DeSantis-Nikki Haley feud heats up, a possible new Democratic challenger for Biden and other trail takeaways

DeSantis and Haley have been increasingly swiping at each other lately.

Former U.S. Ambassador to the United Nations Nikki Haley swiped at fellow presidential hopeful Florida Gov. Ron DeSantis for his mischaracterization of her stance toward admitting refugees from Gaza.

A potential Democratic challenger to President Joe Biden is laying the groundwork for a possible announcement next week -- but he has not yet made his final decision.

Meanwhile, Sen. Tim Scott called on Biden to denounce "the Squad" for their remarks following Hamas' terrorist attack against Israel.

Here are tidbits from the campaign trail from Saturday.

PHOTO: Florida Gov. Ron DeSantis speaks during a meet and greet, on Oct. 14, 2023, in Creston, Iowa. | Former U.N. Ambassador Nikki Haley speaks at an event on Oct. 20, 2023, in Iowa City, Iowa.
Republican presidential candidate Florida Gov. Ron DeSantis speaks during a meet and greet, on Oct. 14, 2023, in Creston, Iowa. | Republican presidential candidate former U.N. Ambassador Nikki Haley speaks at an event on Oct. 20, 2023, in Iowa City, Iowa.
Charlie Neibergall/AP | Scott Olson/Getty Images

Nikki Haley on Ron DeSantis: 'That's what happens when a campaign starts to spiral out'

Haley dinged DeSantis on Saturday for his description of her remarks about the situation in Gaza.

“You know first thing I'll say is, God bless Ron DeSantis because he continues to try and bring up this refugee situation. He has said that I want to take Gazan refugees. I have never said that. And he's got an ad on TV, and I will tell you, from CNN to Newsmax, they have all said that his ad is a lie,” she said at a town hall Saturday at Central College in Pella, Iowa.

The ad, released Friday by DeSantis' Never Back Down PAC, features Haley in 2017 defending sending assistance to people in the West Bank and Gaza alongside a 2023 clip of her saying of the prospect of the United States accepting Gazan refugees, "That is not the role of U.S. to do that. I've always said that, and I continue to say that."

Asked about his mischaracterization of Haley's comments, DeSantis on Saturday again accused her of wanting to vet refugees from the Gaza Strip, despite the fact that the former ambassador did not call for the U.S. to accept Gazan refugees.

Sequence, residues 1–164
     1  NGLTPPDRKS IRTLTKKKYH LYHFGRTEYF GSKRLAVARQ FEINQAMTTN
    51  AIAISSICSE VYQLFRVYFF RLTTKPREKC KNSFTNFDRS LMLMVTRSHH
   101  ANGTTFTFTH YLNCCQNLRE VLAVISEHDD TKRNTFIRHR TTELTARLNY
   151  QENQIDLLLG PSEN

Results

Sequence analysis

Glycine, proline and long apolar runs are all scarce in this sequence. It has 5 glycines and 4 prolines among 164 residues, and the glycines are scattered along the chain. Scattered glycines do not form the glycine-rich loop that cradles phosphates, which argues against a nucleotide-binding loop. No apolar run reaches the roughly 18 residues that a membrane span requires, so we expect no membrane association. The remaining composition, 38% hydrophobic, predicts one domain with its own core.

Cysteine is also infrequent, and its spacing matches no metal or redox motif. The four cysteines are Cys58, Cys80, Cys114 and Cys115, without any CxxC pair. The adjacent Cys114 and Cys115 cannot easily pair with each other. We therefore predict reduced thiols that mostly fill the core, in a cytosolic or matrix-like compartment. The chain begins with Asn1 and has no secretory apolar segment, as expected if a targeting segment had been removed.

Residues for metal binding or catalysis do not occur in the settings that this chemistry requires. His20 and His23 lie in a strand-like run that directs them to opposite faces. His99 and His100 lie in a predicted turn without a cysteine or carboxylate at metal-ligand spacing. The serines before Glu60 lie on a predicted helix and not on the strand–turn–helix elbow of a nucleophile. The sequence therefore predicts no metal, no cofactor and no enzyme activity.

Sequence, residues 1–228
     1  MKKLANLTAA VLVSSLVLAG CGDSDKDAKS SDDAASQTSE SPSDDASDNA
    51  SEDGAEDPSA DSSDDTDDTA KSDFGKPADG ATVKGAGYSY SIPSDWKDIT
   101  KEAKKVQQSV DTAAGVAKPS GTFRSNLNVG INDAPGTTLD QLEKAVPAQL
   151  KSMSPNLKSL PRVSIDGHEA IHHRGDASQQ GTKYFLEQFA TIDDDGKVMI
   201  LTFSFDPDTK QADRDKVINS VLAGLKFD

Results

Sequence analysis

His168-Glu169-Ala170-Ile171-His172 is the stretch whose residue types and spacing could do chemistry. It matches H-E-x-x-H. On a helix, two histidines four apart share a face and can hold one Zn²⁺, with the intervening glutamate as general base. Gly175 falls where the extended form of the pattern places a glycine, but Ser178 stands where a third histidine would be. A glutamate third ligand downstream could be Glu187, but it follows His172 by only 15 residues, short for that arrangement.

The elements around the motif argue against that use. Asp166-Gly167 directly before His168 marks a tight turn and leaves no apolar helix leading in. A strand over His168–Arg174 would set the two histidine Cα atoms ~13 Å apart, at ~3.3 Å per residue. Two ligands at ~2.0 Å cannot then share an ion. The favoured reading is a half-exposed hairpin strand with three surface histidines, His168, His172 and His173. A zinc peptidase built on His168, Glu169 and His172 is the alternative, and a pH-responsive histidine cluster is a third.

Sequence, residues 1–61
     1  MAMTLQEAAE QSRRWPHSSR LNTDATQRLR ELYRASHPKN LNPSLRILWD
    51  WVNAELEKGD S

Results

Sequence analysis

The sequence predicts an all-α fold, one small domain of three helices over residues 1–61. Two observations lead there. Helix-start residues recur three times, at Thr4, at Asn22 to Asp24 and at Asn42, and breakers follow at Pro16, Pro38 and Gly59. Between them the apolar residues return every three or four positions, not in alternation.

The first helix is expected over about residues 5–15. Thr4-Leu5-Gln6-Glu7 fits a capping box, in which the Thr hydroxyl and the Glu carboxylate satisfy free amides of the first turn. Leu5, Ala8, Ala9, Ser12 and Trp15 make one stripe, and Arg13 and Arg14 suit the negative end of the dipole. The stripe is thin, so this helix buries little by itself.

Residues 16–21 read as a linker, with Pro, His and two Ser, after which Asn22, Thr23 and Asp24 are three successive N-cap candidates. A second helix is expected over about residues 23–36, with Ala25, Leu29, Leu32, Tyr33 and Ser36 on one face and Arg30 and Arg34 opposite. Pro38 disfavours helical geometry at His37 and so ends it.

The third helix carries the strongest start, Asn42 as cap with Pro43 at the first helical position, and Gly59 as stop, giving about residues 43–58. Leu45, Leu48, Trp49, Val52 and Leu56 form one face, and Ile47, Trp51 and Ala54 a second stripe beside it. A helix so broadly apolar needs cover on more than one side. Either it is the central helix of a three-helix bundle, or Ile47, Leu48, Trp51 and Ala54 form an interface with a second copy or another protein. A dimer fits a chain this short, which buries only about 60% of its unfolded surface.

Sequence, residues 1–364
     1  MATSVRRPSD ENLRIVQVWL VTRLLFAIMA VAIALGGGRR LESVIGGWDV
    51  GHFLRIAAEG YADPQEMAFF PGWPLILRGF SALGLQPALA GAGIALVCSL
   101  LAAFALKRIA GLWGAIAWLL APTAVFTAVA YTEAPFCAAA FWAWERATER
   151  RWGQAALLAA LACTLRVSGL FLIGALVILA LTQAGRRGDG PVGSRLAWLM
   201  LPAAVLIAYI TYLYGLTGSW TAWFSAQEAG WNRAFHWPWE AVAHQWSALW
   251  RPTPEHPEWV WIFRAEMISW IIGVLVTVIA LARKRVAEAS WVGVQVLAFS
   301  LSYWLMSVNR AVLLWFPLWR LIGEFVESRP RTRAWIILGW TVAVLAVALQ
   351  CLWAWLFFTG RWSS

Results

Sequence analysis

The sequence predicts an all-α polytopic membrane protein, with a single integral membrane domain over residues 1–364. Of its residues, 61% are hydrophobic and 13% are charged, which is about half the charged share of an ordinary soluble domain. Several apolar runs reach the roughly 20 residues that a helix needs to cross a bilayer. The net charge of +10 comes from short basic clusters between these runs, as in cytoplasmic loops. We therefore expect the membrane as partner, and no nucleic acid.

“She said that America has always been able to separate terrorists from people that are really seeking freedom, that they want to see Hamas overthrown and live in freedom, and she’s like, that’s what we’ve got to do. You’ve got to distinguish. So why would you be talking about vetting people if you didn’t want them to come in? I mean, we would have no role in vetting people if that weren’t the case. So I think she stepped in it. I think that they’ve gotten blowback from that, and I think they’re trying to kind of cover their tracks and act like we’re doing anything other than just quoting her words,” he said Saturday in Dubuque, Iowa.

ABC’s Hannah Demissie pressed DeSantis in Anderson, South Carolina, about why he mischaracterized Haley’s comments.

"She criticized what I had said, and she said the U.S. has always been able to separate terrorists from other people and that’s what we have to do in this instance. So I don’t know why you would say that. Why would you be vetting people if you’re not going to be bringing them in? So she’s talking separating and vetting and that’s what they have to do," DeSantis said.

"But she didn’t explicitly say bring in Gaza refugees," Demissie said.

"But I think that she’s talked about vetting, so people then looked, she got blowback, and then she changed course. ... We were very clear on it, and I think she’s had -- expressed a lot of support for [the United Nations Relief and Works Agency] and stuff in the past, and I think people have put that out just to show that that’s the reality," DeSantis responded.

PHOTO: In this April 6, 2022, file photo, Rep. Dean Phillips speaks at a press conference in Washington, D.C.
In this April 6, 2022, file photo, Rep. Dean Phillips speaks at a press conference in Washington, D.C.